Monday, November 15, 2010

Histoires de Parfums- Noir Patchouli


Noir Patchouli from Histoires de Parfums is somewhat of an enigma. Sometimes it feels like a femme fatale of a perfume, all black velvet, dimmed lights and a skirt with a slit up to there. However, at times the very dry base gets the upper hand with its gender ambiguity and a brisk attitude. And that's perfectly fine, too.

Noir Patchouli is a dark scent from its spicy opening to the very complex base. It's a little loud at first but then develops a quiet assertiveness- it will be noticed without poking anyone in the eye. The initial sillage calms down very quickly and one is left with a very personal and sensual veil of smoky wood. The use of patchouli in every stage feels very modern. It showcases the note among almost-sweet spices, dry woody notes and blended with musk, vetiver and leather in a more traditional setting (I cannot smell the promised oakmoss to save my life, but considering the restriction on the use of this ingredient it's not really surprising). The end results settles beautifully on skin without a hint of neither cheap headshops nor the often-found dirt and chocolate.

It took me a few wearings to realize how easy it would actually be for a man to wear this Histoires de Parfums creation. At first I was too focused on Noir Patchouli's tactile qualities- the softness and the way it smells when I stick my nose inside my own sweater. Of course it's feminine- it smells like me. But the dry and woody aspect, not to mention the smoky vetiver with a hint of leather would appeal to most men. They just have to love patchouli.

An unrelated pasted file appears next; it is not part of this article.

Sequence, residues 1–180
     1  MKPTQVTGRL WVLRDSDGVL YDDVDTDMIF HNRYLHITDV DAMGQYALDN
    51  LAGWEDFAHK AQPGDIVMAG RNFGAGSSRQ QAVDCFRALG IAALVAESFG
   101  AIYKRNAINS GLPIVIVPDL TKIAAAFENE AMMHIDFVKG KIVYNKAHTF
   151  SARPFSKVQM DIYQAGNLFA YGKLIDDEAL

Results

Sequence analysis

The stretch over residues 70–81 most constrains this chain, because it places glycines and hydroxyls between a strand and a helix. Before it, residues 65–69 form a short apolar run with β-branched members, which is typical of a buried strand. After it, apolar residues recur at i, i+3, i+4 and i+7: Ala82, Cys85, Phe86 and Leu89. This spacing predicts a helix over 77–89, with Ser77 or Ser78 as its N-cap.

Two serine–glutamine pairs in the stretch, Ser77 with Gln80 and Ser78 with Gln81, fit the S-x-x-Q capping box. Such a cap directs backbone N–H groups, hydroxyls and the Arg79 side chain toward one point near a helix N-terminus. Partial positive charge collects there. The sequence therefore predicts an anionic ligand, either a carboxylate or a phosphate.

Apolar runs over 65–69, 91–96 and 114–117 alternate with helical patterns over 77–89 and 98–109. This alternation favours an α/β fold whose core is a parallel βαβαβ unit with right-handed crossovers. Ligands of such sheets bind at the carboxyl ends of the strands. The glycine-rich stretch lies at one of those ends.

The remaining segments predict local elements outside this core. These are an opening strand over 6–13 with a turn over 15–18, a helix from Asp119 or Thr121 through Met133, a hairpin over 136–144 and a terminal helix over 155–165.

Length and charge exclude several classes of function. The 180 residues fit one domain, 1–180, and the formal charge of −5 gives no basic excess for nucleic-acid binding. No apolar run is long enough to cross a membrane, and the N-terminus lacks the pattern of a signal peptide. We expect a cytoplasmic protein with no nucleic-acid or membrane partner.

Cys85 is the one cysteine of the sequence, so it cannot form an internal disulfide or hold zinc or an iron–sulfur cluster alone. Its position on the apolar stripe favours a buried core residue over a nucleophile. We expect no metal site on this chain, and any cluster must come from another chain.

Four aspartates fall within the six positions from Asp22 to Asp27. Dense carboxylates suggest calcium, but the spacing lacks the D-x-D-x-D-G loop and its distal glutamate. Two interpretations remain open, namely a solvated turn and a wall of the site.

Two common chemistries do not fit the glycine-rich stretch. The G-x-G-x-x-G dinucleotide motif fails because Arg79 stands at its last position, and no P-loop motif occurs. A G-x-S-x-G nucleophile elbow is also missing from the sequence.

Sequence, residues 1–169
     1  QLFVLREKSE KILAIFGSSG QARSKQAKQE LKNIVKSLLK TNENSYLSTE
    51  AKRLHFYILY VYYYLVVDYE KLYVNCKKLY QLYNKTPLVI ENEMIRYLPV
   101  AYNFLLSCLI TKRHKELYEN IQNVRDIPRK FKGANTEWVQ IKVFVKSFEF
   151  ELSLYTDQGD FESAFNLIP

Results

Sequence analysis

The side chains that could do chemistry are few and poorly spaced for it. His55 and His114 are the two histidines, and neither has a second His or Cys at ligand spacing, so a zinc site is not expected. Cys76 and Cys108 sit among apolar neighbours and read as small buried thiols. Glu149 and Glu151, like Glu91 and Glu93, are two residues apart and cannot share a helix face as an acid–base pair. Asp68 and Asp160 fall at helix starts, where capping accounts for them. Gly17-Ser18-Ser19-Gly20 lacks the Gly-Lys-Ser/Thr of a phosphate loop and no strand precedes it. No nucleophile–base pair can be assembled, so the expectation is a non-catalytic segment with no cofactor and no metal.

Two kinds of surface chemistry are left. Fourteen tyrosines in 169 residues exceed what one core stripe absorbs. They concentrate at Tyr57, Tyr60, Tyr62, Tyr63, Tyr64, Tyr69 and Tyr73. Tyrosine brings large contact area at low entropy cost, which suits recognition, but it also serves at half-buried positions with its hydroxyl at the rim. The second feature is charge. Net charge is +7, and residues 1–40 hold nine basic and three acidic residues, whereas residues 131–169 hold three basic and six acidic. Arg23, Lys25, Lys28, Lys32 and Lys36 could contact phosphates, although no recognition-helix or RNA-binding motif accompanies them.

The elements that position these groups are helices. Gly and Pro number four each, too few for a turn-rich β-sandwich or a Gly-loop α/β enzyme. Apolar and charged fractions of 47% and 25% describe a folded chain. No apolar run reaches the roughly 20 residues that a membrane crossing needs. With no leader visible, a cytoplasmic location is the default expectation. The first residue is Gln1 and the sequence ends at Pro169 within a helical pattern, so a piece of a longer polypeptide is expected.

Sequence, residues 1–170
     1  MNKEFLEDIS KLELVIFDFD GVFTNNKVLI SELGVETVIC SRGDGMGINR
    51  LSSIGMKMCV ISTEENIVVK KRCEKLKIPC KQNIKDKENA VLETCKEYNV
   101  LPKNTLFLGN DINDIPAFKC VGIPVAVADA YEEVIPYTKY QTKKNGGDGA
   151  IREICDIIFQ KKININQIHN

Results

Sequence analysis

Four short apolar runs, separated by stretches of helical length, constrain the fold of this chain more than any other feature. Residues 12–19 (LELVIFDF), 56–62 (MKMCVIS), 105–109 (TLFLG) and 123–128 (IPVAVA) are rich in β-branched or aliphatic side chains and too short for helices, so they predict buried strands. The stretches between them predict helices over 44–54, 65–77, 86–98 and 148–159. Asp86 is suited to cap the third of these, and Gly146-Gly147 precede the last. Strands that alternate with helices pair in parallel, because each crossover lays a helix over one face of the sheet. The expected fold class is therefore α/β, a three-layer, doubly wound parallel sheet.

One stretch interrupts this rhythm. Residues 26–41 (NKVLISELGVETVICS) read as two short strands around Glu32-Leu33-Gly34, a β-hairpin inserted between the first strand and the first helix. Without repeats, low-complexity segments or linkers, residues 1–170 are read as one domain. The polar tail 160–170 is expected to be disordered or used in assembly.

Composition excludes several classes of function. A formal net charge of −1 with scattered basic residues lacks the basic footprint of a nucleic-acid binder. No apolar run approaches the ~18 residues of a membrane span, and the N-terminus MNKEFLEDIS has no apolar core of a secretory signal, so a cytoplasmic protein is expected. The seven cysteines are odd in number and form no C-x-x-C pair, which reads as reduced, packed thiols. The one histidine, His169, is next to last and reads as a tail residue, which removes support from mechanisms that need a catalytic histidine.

Noir Patchouli ($185, 4oz EDP) and the rest of the Histoires de Parfum line can be found at Henri Bendel in NYC, Beauty Cafe and Mio Mia in Brooklyn (as well as online).

Art: Portrait of the Duchess of La Salle by Tamara de Lempicka, 1925.

4 comments:

  1. Oh my, I love that portrait. The peopler in Tamara de Lempicka's paintings always have a way of making me a little weak at the knees, this lady almost even more so than Tadeusz de Lempicka.

    The Noir Patchouli sounds very alluring, too. I just received my bell jar of Borneo, though, so perhaps I shouldn't investigate another dark, dry patchouli this month...

    ReplyDelete
  2. Morning Gaia,
    Thanks for the lovely review-this is one of my favorite scents, I do love patchouli and smokey vetiver, dry woods etc. I wear this scent quite often during the holidays, it gets more use in cooler weather, the notes separate and develop better.

    ReplyDelete
  3. I'm going to have to try this one..

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  4. Not for me. I cannot stand anything patchouli, and it ruins anything it is mixed with.

    ReplyDelete

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